VISITORS to the Balmer Lawn Hotel in Brockenhurst have been raising a glass to a rejuvenated brand of New Forest beer created in its microbrewery.
Henry Wilson, son of hotel owners Chris and Alison, is marketing his first American-style pale ale as an HPA – or Henry’s Pale Ale – under the Smokin’ Deer marque.
Developed at Brockenhurst Brewery, based at the rear of the hotel, the HPA will be sold exclusively at Balmer Lawn, which features a new front terrace bar and pizza oven overlooking the cricket pitch.
Henry (22) had originally planned to spend this year cycling across the US but when the coronavirus lockdown put paid to that he rolled up his sleeves to help his parents improve the hotel, including laying a new patio area.
He explored brewing as a potential side business and enlisted local experienced hobby brewer Will Millard for guidance. Now Henry has completed a 300-litre batch of a fruity and herbal flavour, with undertones of grapefruit and lychee.
Henry feels it fulfills one of his main ambitions of creating a tipple which both beer lovers and occasional drinkers will enjoy. He plans to refine the process and also produce a lager and seasonal offerings, such as a Christmas speciality and an IPA.
“I’ve had a couple of really nice compliments – one of them from a lady who said she doesn’t often sample beer but really liked the easy-going taste, and asked for another glass,”
Henry said. “I’m not about creating a strong, dark beer that someone can sit in a dark corner and have 10 of at once. I think people don’t want a really strong beer, they want to have something they can enjoy, that doesn’t make them feel too full or heavy.
“Hopefully that way they won’t feel too full to try some of our lovely food here out of the new pizza oven – and also have some more beer!”
The Smokin’ Deer brand was created by Henry’s father Chris and a business partner. But they parted ways and others tried to make a go of the brewery before Henry and Will teamed up.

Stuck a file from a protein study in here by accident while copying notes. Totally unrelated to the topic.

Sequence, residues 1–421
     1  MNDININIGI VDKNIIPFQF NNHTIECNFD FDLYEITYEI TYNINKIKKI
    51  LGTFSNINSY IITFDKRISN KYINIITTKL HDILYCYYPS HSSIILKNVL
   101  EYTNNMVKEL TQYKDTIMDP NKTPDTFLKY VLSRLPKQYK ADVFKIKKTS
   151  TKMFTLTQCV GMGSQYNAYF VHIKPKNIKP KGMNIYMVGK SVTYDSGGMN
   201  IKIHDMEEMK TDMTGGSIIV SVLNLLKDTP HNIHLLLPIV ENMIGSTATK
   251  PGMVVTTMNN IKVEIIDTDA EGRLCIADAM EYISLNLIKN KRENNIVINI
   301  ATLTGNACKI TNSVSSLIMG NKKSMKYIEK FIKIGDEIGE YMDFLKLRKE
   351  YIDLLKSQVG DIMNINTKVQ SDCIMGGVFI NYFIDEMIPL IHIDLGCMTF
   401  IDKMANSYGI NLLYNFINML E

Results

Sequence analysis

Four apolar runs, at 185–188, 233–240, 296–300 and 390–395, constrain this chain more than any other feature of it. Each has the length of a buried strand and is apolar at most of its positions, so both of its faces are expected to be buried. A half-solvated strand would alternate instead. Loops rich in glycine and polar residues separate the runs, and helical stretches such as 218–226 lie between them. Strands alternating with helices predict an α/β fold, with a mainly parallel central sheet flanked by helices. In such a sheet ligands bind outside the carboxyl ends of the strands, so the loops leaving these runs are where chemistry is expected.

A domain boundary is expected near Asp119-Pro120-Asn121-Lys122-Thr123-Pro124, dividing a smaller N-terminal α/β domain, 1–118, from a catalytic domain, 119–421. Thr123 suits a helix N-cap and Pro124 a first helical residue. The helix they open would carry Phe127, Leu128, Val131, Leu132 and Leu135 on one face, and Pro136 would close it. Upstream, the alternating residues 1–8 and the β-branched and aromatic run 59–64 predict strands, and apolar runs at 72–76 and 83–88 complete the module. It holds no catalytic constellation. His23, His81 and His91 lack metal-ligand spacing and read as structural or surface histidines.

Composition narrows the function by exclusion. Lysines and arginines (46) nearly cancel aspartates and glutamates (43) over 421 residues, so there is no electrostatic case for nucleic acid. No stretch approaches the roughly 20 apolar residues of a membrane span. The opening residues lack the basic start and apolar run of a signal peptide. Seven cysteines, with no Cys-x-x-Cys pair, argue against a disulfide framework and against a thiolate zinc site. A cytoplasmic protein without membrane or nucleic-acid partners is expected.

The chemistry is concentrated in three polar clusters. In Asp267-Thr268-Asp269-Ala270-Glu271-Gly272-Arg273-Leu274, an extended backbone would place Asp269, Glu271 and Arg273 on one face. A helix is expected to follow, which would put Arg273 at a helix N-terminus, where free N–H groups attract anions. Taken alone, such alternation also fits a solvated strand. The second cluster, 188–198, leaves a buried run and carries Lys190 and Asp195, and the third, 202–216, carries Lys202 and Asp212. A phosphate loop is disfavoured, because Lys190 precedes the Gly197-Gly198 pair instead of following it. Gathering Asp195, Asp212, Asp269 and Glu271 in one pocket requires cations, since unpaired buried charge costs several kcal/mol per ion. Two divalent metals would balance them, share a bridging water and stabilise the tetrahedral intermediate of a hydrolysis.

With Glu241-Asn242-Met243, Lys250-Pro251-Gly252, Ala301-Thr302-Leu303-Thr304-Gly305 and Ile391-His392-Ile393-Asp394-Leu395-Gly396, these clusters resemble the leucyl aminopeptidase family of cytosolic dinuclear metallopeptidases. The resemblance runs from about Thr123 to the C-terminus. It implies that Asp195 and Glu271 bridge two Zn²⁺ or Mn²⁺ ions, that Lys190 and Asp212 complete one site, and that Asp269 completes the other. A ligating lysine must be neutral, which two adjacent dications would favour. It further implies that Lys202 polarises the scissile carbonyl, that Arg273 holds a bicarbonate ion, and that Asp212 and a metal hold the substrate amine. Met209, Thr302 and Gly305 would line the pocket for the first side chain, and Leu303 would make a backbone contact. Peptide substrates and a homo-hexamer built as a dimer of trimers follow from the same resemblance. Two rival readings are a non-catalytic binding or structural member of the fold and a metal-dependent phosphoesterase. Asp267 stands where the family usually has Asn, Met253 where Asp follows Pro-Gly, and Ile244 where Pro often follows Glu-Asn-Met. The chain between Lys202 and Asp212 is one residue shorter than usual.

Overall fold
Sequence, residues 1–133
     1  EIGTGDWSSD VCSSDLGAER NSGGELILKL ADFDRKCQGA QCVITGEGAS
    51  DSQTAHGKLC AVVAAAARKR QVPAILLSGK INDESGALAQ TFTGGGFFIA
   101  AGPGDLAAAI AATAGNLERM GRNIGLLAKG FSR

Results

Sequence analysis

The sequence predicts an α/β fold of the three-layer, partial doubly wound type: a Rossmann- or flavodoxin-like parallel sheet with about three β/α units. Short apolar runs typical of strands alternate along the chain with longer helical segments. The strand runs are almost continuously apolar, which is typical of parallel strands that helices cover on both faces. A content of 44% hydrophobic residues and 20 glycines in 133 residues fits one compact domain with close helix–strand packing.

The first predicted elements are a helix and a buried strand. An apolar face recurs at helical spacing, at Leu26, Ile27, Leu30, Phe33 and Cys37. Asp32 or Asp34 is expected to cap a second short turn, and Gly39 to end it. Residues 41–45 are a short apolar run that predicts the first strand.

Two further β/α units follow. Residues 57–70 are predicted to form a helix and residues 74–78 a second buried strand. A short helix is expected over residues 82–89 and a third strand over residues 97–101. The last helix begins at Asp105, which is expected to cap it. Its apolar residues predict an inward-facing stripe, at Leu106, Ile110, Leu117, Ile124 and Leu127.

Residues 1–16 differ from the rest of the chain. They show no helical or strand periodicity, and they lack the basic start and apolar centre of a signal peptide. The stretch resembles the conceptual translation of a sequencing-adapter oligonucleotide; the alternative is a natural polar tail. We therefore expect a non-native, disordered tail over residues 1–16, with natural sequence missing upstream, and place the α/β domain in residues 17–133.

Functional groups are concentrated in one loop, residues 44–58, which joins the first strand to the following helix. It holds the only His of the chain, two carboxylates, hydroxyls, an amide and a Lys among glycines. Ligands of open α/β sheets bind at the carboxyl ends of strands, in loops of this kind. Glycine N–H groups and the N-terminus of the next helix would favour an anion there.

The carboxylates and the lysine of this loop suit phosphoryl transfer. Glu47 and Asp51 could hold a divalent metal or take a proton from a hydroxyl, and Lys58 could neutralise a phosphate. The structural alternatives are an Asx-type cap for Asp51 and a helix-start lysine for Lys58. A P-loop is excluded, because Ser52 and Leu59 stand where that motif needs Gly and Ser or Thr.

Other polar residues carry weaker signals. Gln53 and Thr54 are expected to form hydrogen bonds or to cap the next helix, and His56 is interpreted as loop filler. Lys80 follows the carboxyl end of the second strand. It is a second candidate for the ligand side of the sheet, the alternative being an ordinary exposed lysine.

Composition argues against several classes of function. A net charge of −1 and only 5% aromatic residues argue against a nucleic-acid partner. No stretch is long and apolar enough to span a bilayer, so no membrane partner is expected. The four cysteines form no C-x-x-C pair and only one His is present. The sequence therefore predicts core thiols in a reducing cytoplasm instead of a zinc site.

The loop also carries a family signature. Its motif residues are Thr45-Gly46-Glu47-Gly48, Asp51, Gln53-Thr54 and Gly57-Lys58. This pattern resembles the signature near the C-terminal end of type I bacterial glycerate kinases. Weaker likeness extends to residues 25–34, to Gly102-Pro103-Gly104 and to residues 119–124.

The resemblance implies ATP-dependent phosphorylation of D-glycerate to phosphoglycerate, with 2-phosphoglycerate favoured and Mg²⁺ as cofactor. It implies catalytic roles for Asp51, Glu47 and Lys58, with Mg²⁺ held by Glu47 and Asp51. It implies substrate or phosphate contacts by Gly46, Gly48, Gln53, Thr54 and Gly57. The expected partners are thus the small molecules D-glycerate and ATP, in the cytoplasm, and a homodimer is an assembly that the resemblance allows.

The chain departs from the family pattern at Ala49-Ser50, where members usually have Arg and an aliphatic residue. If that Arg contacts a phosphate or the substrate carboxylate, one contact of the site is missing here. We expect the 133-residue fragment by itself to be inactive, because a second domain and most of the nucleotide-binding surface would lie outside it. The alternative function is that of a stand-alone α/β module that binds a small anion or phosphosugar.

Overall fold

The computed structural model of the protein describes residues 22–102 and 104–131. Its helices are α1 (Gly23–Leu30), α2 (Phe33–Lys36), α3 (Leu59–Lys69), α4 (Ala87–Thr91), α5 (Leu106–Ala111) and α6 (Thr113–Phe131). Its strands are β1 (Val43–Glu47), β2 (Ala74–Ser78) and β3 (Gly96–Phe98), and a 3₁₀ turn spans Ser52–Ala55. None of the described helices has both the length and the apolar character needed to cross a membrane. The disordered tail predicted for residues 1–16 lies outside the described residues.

Brewed using Maris Otter barley, Munich malt and oats, the mixture combines to produce a golden glow and initial sweet malt flavour. The HPA batch took an initial 14 hours before going into the fermenter for four to five days.
During that time Henry monitored its levels of sugar and measured its alcoholic content, then chilled and casked it for two weeks as part of its secondary fermentation process, before finally selling it over the bar.
Having developed his brewing skill, the first batch contains less hangover-causing additives, and is clearer and tastier.
Smokin’ Deer already has a sizeable following on which Henry intends to build, and he believes there is an appetite for local artisan beers reflecting the New Forest’s heritage.
So far it has appealed especially to staycationers and locals underwhelmed by generic lagers produced by multi-national corporations, said Henry.
“There’s a lot more craft involved in this and it’s nice that it’s a locally produced thing. When customers find out it’s produced here they’ve had a lot more questions about that and like speaking with someone who’s knowledgeable about the product,” he continued.
“People have seemed really interested in how it’s been made, and it’s much more enjoyable for them to taste and for me to sell.
“Customers like the fact it’s local, it’s made at the hotel and is a reflection of the New Forest. They know Smokin’ Deer and have found the HPA nice and easy to drink.”
Henry’s parents have owned the Balmer Lawn Hotel since 1997. He grew up in the area before studying environmental science at York University.
“Having been in laboratories at uni and involved in chemical processes, the brewing hasn’t been such a jump at all, really. It’s been quite a good fit for what I’m used to,” Henry said.
“Since I’ve come back to the hotel, the brewing has been the most enjoyable part of it. It’s given me an opportunity to make it my own thing and it’s an opportunity that most people would not get, so I want to make the most of it.”
While Henry plans to build the brewery brand, he also wants to do some travelling and has his sights set on a career in London, so in time would like to hand over the brewing.
He said: “I want to build something that when I leave the hotel the beer and the brewing will have taken off and I can leave it in a place where anyone can come in and take it over and keep it going.”